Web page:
The Etrian Odyssey series has been around on the Nintendo DS since early 2007, and had has three sequels on that system since. The sequels have been alright, but they’ve always felt simply like extensions of the main game, with a different plot, classes, and enemies, but it never felt like any of them were a significant step beyond their predecessors. But with the release of Etrian Odyssey IV for the 3DS, the first-person-party dungeon-crawling series feels like it’s finally evolved, in almost every way for the better.

The series tasks you with sending five adventurers (you can create as many as you want, but can only choose five to build a party at a given time) through a series of labyrinth floors to discover the secret behind whatever world the current game is taking place in. In EO IV, this is a quest to get to the roots of the legendary Yggdrasil tree, towering over the horizon - it will take your adventurers flying their airship through a series of lands to reach their destinations, clearing dungeons, completing sidequests, and discovering new secrets along the way to do so.

Interestingly, a change from previous EO titles is how the dungeons are laid out. Instead of a simple tower of floors, the dungeons are now separated and accessible by airship on the sky map - which is itself filled with powerful enemies, secrets to find, and foods to pick up (but no random battles). Each ‘land’ has a multi-floor dungeon necessary to explore in order to proceed to the next, but in addition there are a number of single-floor dungeons, perfect for completing a couple quests in, levelling up, getting some cash and in general getting more from the game.

This new design is a welcome breath of fresh air for the series, which has felt a little stale as of late - these separate dungeons makes exploring a lot more enjoyable and removes much of the sensation of linearity that the games had. Even though getting to the next area always requires finishing a dungeon to proceed, it doesn’t feel like the gauntlet that the multi-floor ‘stratums’ had in previous games - instead of walking along a track, you feel more like explorers, flying through the sky, unlocking new dungeons to fight through, finding more treasures as you do.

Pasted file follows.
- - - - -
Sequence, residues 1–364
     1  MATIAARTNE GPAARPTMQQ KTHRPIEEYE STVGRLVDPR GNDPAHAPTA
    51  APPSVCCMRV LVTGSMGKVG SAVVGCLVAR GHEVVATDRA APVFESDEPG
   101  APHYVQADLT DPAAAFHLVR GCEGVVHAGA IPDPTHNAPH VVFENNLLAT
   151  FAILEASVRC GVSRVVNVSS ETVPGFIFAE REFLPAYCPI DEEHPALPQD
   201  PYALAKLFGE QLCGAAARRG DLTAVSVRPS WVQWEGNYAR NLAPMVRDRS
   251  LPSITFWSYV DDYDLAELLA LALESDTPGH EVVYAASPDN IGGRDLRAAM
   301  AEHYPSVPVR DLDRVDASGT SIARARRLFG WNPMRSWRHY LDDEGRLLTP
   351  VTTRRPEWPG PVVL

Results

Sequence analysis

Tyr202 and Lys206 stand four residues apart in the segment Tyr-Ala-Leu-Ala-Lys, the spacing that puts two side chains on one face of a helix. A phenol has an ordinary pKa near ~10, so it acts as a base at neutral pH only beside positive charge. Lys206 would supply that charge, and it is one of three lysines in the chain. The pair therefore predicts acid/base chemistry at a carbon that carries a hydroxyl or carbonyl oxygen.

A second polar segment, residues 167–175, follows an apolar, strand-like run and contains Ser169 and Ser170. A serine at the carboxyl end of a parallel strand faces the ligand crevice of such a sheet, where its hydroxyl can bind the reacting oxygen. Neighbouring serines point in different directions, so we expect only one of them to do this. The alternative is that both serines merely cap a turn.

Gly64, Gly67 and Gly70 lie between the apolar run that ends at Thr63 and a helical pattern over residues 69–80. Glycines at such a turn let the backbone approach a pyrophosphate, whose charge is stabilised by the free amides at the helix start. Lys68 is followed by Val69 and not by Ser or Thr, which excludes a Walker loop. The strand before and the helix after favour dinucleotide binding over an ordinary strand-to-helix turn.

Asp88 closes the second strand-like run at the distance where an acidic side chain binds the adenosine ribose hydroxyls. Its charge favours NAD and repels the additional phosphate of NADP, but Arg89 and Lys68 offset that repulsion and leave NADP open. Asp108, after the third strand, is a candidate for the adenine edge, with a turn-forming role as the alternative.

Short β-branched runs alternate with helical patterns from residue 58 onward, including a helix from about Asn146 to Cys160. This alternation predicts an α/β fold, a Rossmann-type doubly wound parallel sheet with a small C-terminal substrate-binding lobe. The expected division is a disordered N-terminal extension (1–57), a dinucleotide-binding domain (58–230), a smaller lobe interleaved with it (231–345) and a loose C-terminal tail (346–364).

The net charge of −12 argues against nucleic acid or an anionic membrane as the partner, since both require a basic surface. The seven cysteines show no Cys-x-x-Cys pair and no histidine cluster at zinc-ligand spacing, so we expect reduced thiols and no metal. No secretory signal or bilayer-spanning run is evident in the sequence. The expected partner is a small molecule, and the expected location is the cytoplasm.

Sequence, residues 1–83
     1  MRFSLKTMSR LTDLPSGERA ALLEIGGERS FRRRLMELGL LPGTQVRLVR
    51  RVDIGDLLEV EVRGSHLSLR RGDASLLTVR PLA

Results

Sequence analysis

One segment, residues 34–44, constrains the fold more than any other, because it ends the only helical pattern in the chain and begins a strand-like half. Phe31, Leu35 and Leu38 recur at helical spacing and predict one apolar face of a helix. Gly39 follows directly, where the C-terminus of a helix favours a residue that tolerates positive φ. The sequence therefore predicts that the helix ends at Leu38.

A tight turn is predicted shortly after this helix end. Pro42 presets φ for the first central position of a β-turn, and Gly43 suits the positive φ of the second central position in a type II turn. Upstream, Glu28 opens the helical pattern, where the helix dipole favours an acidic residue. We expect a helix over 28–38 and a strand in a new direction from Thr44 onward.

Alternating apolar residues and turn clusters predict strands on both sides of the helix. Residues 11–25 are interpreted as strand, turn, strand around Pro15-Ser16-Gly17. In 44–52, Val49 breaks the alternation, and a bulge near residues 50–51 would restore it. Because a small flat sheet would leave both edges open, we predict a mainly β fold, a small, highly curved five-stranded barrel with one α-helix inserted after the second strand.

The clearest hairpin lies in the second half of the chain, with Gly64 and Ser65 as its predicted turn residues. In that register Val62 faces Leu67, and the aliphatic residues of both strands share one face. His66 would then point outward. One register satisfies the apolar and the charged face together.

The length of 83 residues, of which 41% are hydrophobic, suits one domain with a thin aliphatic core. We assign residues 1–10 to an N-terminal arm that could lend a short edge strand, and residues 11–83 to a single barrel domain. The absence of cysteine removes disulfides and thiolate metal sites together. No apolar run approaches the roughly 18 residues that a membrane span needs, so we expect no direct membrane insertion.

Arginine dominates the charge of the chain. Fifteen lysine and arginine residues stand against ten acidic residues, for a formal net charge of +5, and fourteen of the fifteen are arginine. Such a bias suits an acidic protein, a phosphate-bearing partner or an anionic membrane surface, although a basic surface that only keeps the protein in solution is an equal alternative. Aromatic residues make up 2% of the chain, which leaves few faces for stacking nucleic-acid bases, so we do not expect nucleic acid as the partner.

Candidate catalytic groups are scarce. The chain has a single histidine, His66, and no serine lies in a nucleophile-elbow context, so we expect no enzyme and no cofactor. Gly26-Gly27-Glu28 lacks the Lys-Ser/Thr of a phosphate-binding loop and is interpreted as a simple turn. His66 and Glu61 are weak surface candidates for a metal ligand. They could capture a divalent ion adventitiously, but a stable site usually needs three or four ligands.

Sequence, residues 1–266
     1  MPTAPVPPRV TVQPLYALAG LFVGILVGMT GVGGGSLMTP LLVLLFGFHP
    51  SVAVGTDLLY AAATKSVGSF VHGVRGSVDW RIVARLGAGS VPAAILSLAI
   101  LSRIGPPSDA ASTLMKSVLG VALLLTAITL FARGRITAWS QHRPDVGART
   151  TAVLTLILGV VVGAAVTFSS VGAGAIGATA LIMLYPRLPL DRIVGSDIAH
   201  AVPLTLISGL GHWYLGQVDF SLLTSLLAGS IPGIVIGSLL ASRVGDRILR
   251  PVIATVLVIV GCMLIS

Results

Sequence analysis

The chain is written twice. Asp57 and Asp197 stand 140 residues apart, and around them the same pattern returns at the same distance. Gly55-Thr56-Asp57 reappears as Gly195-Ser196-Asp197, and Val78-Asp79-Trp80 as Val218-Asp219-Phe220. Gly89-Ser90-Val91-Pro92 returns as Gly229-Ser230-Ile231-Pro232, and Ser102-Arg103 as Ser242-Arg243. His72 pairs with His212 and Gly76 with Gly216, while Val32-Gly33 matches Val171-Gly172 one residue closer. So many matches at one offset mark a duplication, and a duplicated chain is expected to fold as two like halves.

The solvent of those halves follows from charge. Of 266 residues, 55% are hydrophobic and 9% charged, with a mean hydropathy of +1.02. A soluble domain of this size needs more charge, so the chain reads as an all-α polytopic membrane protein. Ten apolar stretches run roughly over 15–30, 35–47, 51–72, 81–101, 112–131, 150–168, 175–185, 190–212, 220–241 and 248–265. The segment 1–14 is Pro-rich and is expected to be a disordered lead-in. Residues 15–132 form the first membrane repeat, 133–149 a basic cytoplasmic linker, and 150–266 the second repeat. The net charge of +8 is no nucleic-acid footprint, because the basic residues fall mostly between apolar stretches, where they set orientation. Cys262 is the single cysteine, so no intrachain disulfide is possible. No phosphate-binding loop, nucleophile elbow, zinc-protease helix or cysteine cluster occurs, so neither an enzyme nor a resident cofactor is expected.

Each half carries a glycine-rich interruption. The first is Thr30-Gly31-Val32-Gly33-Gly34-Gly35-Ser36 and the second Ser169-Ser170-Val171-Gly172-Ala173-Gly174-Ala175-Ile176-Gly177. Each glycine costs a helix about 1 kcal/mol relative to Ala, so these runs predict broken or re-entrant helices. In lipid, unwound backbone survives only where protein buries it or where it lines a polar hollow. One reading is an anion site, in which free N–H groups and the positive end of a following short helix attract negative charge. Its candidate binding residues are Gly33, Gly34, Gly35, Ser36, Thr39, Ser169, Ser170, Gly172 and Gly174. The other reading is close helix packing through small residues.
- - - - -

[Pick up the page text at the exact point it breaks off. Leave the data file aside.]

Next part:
The class system feels like it’s been simplified, but for the better - many resemble the names they had in the first title, and their roles are very clearly defined in what they can do, though you still get a large amount of customization. For example, the landschnekt is your basic warrior class who hits hard, but you can add skills to him or her to do elemental damage attacks if you want to branch off away from just increasing your main physical damage. There are tradeoffs to every choice in how you customize your character, and later when you get the ability to subclass, the choices increase even more. You could allow a runemaster (basic mage-type) to gain healing spells, teach the sniper to inflict status ailments, get your defense-heavy fortress to buff up the party, or really whatever you fancy.

This really builds into the game’s strong point: for those that haven’t played it, the difficulty can definitely be a little off-putting at first, but it really enshrines the need for proper tactics in battle. Just mindlessly attacking will, most of the time, get you killed, even in regular combat. Using your abilities to debilitate enemies, exploit their elemental weaknesses, and buff your party is paramount to getting past the first area of the game without dying constantly. With the addition of rows to the enemies’ tactics - where now, like your party, the creatures you fight in combat are organized into front and back rows - the depth of combat has also improved. Since you get abilities that can attack entire rows, or hit one enemy in each row, thinking about which to use to serve you best will get you far.

Moving to the 3DS, of course, also allows the game to do such things like actually animating the now-three-dimensional enemies you fight in battles. You can also now see the FOEs (powerful enemies that stalk the maps) as they walk around the area, instead of simply seeing an ominous dark cloud chasing you. And the music, too, is improved - the game now features an orchestral soundtrack with some excellent music to keep you in the mood for dungeon crawling and monster bashing.

What really impresses me about the game are all the small changes that have been made just to make things flow better, look better, and play better. Skills are now organized in flow charts instead of hard-to process lists. Gather points have been improved, no longer requiring you to invest in skills just to pull plants from the ground a certain number of times before you need to return to town (now each gather point simply has a number of ‘uses’ before it’s exhausted for the day). Even the UI has been improved in many areas. It’s these small things, changes to the little annoying aspects that have stayed through the series until now, that I’m really enjoying.

Other new additions include the addition of streetpass to the title, allowing you to exchance ‘guild cards’. These cards include information about your guild, your current party, and any medals you’ve received for exemplary tasks. You can also attach a party member to your card, allowing anyone who receives it to add this temporary member to their roster (though they can’t gain experience or equipment, and can only be part of your group if there’s a member with a high enough level in it). Then, there are treasure locations you can trade, which will allow you to get some decent treasures on the world map as you fly around.

Simply put, Etrian Odyssey 4 is by and large the best of the series, and certainly my favourite of its genre. With so many additions and improvements, it’s hard not to see it as a game thats at the top of its class, and will likely find new fans drawn to what it can provide.